Of art and men
The tumultuous 1970s form the backdrop to Judith Pugh’s lively memoir of her life with artist Clifton Pugh, writes Corrie Perkin
ANDSCAPE and portrait artist Clifton Pugh died in October 1990. In the same week, Melbourne newspaper The Age ran a front page article that included a warm tribute from his former wife Judith. It’s not often that ex- wives receive such prominent media attention when their prominent former spouse dies. But the relationship between Clifton Pugh and the Melbourne schoolteacher he met in 1970 and divorced 10 years later was no ordinary one.
During their years together, Judith and Clifton Pugh were outspoken agitators for political and social change. They were media celebrities in a city that craved accessible talking heads. As high- profile ALP supporters, they counted several ministers in Gough Whitlam’s government ( including Whitlam) as friends.
The Pughs championed the artist’s cause, yet comfortably moved beyond the cliquey art circles of the time. After their break- up in 1980, Clifton Pugh had several relationships, including a highly publicised one with fashion designer Prue Acton. Yet his third wife, Judith, continues to be the one most connected to his work, his politics and his love of the Australian bush.
In her new book, Unstill Life: Art, Politics and Living with Clifton Pugh , Judith Pugh recalls her years as the artist’s partner.
Was writing the book therapeutic? ‘‘ In a sense it was a case of defining it ( their relationship and the times) to myself,’’ she says. ‘‘ I wouldn’t want to use the word therapy, but it’s a coming to an understanding.’’
Their decade together was exciting and, at times, tumultuous. Both Pughs had lovers ( including, in Judith’s case, South Australian premier Don Dunstan).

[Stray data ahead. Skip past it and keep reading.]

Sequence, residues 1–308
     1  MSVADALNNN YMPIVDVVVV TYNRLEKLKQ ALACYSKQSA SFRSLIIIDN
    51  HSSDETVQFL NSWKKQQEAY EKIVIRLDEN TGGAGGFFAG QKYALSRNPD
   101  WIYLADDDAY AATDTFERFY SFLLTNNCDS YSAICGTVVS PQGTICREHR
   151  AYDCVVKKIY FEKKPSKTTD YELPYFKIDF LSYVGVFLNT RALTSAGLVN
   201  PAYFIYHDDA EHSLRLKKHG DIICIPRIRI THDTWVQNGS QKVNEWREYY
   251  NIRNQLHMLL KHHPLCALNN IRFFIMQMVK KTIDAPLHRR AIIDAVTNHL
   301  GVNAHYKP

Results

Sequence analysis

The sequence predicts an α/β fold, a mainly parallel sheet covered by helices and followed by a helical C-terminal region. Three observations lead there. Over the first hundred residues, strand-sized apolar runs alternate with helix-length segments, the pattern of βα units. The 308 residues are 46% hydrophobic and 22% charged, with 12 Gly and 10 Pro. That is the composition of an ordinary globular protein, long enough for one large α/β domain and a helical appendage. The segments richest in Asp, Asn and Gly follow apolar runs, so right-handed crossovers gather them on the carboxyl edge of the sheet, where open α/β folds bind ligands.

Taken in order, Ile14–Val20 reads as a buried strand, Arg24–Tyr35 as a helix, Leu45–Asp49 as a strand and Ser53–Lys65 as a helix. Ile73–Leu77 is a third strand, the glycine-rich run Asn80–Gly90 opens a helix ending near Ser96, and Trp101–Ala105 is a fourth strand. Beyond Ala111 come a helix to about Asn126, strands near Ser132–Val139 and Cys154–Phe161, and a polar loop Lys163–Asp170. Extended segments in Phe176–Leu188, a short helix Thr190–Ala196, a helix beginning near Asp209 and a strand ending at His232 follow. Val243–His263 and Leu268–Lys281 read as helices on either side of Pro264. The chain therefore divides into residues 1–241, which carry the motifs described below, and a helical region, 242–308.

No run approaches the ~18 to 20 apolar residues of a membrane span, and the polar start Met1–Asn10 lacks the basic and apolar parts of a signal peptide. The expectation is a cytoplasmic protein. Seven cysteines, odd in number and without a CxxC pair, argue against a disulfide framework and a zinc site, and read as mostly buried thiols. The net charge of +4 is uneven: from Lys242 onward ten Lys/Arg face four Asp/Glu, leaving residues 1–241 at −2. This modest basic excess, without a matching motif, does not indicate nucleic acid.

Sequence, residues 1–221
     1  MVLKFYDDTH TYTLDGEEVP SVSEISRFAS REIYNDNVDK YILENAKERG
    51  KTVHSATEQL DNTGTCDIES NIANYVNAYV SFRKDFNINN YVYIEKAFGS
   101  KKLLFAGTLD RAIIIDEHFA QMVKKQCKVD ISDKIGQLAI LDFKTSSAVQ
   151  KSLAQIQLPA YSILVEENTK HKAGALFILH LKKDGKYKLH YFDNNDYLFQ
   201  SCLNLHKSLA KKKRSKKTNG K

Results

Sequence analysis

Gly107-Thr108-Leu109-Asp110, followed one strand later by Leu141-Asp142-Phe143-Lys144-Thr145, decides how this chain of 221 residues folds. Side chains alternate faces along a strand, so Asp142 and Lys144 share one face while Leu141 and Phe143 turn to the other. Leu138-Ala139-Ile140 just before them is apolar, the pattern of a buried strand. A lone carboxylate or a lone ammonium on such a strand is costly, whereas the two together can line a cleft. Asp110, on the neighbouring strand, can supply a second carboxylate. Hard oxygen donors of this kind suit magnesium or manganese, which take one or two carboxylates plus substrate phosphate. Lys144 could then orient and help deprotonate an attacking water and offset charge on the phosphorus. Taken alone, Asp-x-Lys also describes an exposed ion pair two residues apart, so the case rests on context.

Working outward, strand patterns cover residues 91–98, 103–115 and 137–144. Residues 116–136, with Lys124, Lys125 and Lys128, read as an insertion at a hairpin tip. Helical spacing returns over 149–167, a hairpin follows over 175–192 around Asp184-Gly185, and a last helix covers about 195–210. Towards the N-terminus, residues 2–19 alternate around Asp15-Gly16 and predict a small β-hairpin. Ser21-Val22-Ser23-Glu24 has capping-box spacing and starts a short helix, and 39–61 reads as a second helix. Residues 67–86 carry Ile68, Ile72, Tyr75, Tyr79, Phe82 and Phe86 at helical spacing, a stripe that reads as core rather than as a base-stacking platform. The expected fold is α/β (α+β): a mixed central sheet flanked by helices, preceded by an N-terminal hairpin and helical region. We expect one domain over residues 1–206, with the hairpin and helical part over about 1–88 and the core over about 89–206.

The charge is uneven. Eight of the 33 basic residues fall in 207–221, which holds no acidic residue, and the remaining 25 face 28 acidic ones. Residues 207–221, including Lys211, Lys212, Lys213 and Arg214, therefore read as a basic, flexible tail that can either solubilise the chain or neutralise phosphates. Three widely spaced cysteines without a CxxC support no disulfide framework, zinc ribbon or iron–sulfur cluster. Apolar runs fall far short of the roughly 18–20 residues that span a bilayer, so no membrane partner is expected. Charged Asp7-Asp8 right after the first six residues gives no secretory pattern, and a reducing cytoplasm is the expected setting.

Clifton was plagued by memories of executing Japanese prisoners in World War II, and
Lsometimes he drank heavily. In her memoir, Judith Pugh writes that during these bouts he sometimes hit her. Eighteen years after Clifton Pugh’s death, and two marriages later, Judith Pugh is still linked to her former husband. While writing the book she has been anchored in the past, ploughing through her memory bank, researching details of Clifton’s life and trying to recall events as he would have liked them to be told.
‘‘ Often I would be thinking, ‘ How should I put this?’ and I would then think, ‘ Well how would he want me to put it?’ ’’ she says.
Pugh lives in a timber house in Melbourne’s inner north with her third husband, Joe Kinsela, an opera singer. Their walls are covered with paintings by some of the artists Pugh has represented during her 20- year career as an art dealer. Among the group are a couple of Clifton Pugh’s works.
Given the booming art market and increased interest in local artists and their work, the publication of Pugh’s memoir is timely.
‘‘ In order to tell my story I have to tell ( Clifton’s) story, because we were so close and did so much together,’’ she says. ‘‘ I also wanted to tell the story of the times.’’
Judith Ley grew up in suburban Melbourne. The oldest of eight children, she attended a private Catholic girls school. From 1962 to 1964 she studied law at the University of Melbourne, but dropped out when she decided she didn’t want to be a lawyer.
She switched to teaching and was sent to a secondary school in outer Melbourne where she taught English and history.